Eucerin’s Everyday Protection Body Lotion SPF 15
First the good. This is a thick but relatively lightweight lotion that is efficiently hydrating. It takes a little while to sink in, but I wouldn’t describe it (as some online reviewers have) as unduly greasy. Up to a point, I would recommend Eucerin’s Everyday Protection as a budget body lotion. But with two caveats: avoid it if you are sensitive skinned as my experience suggests that it may cause an allergic reaction and, ironically, the culprit may be the ingredient that Eucerin claims qualifies this body lotion as being “antioxidant enriched”.
I had a mild allergic reaction each time I used Eucerin’s Everyday protection. My hands itched and little bumps formed under the skin. By and large, the rest of my body reacted less conspicuously though – just some intermittent itching and a breakout on the backs of my shoulders. I am known to be sensitive to some sunscreens, but the three chemical ones used here are not associated with irritation and, with the exception of octinoxate (a possible estrogen mimicker), research has given them a relatively clean bill of health.
Indeed, most of the ingredients here are non-irritating. An exception could be arginine HCL, which is contraindicated for the allergy-prone and the MSDS warns of skin irritation (but that's with contact at 100% concentrations). The emollient glyceryl stearate SE can be irritating to skin, but is considered safe at concentrations under 2%. Sodium cetearyl sulfate is also only considered an irritant at high doses.
By and large, Eucerin seems to have been fairly scrupulous (if unimaginative) about the choice of most of its ingredients. Perhaps it is the combination of them that has given me problems. I should admit though, that I am more sensitive than most.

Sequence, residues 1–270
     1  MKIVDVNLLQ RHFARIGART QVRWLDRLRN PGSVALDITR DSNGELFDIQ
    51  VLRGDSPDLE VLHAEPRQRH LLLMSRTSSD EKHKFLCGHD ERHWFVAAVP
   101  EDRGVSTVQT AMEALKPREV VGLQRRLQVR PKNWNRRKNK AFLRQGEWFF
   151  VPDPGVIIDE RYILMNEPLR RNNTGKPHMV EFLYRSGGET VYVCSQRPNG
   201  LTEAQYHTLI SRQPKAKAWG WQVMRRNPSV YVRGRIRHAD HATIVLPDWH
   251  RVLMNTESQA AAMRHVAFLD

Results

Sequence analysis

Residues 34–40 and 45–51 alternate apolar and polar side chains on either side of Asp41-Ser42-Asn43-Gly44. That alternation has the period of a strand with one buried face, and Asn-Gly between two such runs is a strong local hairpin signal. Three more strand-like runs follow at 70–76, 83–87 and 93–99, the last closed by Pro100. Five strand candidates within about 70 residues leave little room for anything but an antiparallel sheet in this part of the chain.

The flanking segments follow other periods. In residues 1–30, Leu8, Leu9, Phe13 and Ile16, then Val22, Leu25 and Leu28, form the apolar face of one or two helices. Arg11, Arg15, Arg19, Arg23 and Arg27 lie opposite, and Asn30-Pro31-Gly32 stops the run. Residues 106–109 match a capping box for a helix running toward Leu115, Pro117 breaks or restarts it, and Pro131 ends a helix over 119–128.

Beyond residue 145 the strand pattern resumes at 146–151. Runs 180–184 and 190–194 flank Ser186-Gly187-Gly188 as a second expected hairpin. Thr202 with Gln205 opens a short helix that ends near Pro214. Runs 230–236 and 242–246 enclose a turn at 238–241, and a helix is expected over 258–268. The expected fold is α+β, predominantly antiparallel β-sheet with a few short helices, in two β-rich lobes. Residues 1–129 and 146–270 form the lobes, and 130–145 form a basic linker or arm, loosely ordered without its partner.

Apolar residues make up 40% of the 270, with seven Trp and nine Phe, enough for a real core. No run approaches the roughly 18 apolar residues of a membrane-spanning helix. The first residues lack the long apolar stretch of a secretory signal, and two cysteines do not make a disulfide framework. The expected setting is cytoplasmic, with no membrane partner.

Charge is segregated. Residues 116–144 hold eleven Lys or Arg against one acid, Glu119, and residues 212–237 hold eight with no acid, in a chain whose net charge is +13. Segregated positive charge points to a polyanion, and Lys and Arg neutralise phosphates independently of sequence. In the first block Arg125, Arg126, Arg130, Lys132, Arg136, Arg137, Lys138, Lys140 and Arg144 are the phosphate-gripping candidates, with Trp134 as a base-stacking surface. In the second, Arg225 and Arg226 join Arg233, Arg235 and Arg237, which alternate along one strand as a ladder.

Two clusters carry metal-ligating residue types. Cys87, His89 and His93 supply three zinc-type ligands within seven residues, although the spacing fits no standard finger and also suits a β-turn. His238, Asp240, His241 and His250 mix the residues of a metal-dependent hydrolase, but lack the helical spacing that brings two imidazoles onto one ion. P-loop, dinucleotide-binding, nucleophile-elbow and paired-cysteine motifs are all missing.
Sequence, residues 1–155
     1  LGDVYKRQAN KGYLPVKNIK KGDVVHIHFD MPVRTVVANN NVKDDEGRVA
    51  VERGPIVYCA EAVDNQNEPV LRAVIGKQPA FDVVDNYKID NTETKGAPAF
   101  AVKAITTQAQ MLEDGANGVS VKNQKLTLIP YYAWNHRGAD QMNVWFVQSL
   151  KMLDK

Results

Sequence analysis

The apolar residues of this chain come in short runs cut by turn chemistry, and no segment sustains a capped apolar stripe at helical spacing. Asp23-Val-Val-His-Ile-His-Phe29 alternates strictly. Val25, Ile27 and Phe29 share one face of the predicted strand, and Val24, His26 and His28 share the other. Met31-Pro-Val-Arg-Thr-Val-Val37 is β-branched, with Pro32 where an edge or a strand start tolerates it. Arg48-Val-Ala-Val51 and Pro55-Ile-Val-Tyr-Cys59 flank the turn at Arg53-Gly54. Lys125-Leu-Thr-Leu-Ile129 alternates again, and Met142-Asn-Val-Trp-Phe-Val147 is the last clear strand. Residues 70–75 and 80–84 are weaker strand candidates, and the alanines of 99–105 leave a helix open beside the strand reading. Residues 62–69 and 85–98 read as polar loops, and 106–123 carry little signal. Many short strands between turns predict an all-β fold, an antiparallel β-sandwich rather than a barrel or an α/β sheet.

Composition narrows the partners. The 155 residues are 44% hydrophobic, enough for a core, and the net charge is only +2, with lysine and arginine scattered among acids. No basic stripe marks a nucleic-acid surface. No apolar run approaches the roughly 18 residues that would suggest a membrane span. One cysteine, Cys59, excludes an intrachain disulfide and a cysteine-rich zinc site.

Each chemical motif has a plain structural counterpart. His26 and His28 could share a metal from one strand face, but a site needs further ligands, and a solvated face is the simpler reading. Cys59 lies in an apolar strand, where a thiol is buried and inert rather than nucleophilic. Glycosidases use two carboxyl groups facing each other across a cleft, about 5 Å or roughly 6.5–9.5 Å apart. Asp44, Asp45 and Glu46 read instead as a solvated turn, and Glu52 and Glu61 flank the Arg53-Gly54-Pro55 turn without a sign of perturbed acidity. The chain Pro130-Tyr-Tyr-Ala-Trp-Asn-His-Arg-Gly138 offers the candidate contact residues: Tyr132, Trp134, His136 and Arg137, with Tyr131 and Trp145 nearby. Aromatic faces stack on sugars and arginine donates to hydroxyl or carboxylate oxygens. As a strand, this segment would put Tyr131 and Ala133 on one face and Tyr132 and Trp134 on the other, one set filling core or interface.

I tried out another hypothesis and wondered if Eucerin’s decision to give its body lotion a bit of antioxidant oomph with tocopheryl acetate might be the cause of my skin reaction. Tocopheryl Acetate is vitamin E and appears higher up Everyday Protection’s ingredients list than is usual with most cosmetics. It is one of those frenemy ingredients. Although an antioxidant, it is also known to be a toxin. A study published in Contact Dermatitis found that four cases of contact dermatitis were caused by cosmetic creams that contained Tocopheryl Acetate. Nonetheless, allergic contact dermatitis seems to be relatively rare (source).
In the end, there doesn't seem much to point a finger at, which is why it tends to get a thumbs up from dermatologists. But for whatever reason it didn't really work out for me and I am going back to my argan oil enriched Zinn Body Milk.
Active ingredients: Homosalate, octinoxate, octisalate, titanium dioxide
Ingredients: Water, glycerin, butylene glycol, cetearyl alcohol, urea, C18-36 acid trigylceride, caprylic/capric triglyceride, dimethicone, octyldodecanol, sodium lactate, arginine hcl, tocopheryl acetate, glyceryl strearate SE, carrageenan, PEG-40 castor oil, sodium cetearyl sulfate, disodium EDTA, sodium citrate, lactic acid, carbomer, citric acid, trimethoxycaprylysilane, benzyl alcohol, phenoxyethanol, methylparaben, propylparaben, potassium sorbate.